While walking throughout Spain you cannot be spared viewing the economic hardship that the entire country is going through. You see it in the empty shops and Robert and I would see shops and even gas stations that had gone out of business.
In my discussions with people all along the Camino de Santiago I was told of and felt some of the pain that Spanish families are suffering as a result of the high unemployment rate in Spain. According to an article published in the Wall Street Journal (Spanish Unemployment Drops for First Time in Two Years, July 25, 2013) Spain’s,
jobless rate fell to 26.3% in the second quarter from 27.2% in the first, which was the highest rate since records began in 1976, Spain’s national statistics bureau INE said Thursday. Some 5.98 million people were unemployed in Spain in the second quarter.
The young have been especially hard hit by the recession with youth unemployment being reported as high as 56% (The Altantic, Europe’s Record Youth Unemployment: The Scariest Graph in the World Just Got Scarier, May 31, 2013) but this youth unemployment is different because never has there been a young workforce so well-educated (nearly 40% of Spain’s 20’s to 30’s year-olds are college educated).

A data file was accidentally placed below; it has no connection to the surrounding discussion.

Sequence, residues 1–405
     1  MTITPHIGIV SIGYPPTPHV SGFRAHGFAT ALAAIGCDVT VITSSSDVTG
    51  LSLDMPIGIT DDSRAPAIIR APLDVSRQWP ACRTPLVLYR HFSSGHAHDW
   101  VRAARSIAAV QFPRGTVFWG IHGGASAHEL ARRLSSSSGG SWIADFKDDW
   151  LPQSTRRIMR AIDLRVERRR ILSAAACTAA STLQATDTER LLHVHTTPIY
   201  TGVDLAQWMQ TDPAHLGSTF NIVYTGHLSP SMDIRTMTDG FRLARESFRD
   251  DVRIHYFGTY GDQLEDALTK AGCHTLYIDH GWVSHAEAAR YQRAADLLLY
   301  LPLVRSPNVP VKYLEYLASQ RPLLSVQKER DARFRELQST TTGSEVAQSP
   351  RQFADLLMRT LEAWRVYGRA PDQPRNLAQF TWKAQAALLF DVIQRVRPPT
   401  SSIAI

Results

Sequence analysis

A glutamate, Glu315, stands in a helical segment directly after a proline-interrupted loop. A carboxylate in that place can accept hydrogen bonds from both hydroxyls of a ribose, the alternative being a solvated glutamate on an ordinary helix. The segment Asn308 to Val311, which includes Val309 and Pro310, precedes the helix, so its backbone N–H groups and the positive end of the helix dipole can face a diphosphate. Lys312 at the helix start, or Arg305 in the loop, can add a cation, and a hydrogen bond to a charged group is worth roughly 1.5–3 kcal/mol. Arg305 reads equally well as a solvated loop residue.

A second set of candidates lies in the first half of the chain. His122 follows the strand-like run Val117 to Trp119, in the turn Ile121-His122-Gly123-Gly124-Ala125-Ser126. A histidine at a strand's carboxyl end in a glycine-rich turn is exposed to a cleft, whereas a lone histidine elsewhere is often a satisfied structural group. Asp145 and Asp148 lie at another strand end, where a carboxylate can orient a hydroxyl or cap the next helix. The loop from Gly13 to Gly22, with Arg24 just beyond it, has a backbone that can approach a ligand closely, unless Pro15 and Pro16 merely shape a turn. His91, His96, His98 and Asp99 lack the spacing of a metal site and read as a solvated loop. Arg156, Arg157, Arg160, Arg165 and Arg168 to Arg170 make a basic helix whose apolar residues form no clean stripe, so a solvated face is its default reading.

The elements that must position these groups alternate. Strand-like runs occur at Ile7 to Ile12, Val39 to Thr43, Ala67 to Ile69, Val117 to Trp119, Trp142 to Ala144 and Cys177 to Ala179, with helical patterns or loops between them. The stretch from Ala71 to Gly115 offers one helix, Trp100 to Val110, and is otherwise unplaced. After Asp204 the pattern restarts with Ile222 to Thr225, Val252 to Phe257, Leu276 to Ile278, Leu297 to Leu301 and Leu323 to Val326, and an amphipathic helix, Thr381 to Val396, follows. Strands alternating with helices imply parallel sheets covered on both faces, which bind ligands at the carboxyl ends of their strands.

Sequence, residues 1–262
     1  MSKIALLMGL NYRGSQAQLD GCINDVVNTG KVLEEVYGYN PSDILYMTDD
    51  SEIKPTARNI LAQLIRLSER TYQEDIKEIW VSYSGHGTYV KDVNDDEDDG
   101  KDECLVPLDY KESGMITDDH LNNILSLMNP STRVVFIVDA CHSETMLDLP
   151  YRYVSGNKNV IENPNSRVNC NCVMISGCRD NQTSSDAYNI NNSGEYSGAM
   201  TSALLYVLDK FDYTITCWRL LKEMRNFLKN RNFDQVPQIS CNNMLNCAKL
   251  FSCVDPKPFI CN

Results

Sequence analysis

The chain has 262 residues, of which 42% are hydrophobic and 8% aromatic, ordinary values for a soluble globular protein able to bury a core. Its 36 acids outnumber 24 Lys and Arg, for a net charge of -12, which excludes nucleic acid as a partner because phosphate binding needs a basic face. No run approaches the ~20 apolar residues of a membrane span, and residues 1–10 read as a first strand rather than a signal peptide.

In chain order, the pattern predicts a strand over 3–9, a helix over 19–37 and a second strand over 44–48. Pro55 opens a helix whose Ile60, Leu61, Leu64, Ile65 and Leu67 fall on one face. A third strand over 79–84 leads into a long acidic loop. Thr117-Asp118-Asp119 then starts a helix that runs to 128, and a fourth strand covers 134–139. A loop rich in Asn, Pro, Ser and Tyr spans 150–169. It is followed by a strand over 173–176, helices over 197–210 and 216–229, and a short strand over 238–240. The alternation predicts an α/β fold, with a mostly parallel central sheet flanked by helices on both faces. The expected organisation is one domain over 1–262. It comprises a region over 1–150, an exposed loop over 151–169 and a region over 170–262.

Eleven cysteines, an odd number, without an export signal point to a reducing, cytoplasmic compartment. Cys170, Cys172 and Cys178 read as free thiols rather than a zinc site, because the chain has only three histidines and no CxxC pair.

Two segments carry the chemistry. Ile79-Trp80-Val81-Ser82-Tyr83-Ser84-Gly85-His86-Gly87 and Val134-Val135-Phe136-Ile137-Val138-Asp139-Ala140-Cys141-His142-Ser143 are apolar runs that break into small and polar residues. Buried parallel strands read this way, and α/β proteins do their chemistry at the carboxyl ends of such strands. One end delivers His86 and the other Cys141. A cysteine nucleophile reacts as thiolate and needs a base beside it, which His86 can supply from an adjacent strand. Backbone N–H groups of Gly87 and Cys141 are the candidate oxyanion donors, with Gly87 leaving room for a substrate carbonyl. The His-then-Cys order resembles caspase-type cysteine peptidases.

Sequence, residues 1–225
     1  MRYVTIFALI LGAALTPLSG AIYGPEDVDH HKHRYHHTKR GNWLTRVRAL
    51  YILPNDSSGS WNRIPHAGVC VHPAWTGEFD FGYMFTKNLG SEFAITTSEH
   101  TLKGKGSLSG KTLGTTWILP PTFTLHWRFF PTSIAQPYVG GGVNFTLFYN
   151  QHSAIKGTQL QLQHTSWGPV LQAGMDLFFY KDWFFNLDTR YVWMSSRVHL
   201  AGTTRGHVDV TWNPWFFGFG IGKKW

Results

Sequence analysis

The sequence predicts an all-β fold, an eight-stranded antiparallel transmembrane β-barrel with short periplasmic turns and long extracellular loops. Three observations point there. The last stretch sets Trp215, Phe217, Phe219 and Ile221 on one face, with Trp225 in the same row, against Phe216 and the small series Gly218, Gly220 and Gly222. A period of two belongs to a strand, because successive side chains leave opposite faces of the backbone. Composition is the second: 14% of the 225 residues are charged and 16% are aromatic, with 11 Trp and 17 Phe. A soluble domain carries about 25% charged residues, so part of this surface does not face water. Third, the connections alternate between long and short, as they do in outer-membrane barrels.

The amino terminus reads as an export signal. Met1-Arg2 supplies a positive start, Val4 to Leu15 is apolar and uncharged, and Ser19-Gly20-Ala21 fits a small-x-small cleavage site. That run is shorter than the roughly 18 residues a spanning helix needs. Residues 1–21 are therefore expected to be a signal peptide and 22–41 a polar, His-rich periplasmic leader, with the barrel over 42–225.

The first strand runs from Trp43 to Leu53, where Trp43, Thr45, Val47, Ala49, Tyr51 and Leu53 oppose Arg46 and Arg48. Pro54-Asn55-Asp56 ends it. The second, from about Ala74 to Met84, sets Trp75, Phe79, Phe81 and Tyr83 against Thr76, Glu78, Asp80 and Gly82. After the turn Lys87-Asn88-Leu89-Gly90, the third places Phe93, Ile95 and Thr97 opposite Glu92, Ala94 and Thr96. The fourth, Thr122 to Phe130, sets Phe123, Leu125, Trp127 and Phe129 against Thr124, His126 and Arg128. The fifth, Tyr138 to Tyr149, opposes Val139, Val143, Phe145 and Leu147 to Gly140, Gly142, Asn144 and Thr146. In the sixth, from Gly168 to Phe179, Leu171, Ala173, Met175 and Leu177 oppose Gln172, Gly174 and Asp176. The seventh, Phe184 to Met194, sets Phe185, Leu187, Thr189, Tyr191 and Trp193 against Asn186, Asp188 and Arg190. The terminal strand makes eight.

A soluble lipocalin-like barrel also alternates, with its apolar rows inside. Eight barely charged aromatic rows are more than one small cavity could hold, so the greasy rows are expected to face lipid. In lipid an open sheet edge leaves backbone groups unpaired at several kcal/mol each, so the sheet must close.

The Wall Street Journal article goes on to say that,
the decline came in large measure because more people emigrated or stopped seeking work after a five-year crisis.
I heard of the many, many young sons and daughters that had emigrated in order to find work. Recently, I shared with you the story of the lady in Grañon whose son was coming to Atlanta to study and work. The following day both Robert and I encountered another story of this youth emigration.
It happened quite unexpectedly. At the Hotel Jacobeo in Belorado I asked for a restaurant recommendation and was given an unusual one. I was told to go to a Bar off the town square that was difficult to find. I do not remember the name of the Bar but at the time I had to ask directions from an elderly couple in order to find it. A gentleman overheard me asking for the directions and he kindly offered to take us there. As we walked we struct up a conversation and I told him where I was from and that Robert was from Australia. The gentleman was happy to hear that Robert was from Australia because he had a son working in the Mining industry there. He planned to visit his son soon.
I can’t help to feel for the families that have been separated from their sons and daughters because of the harsh economic climate that Spain (and a lot of Europe too) finds itself in. I know that these separations must be painful for those involved and I hope and pray that one day these families may be reunited.
As for the restaurant/bar it was an excellent meal with quite a local ambience. I’m going to email the woman at the hotel that gave me the recommendation and then write a review and post it soon on the blog!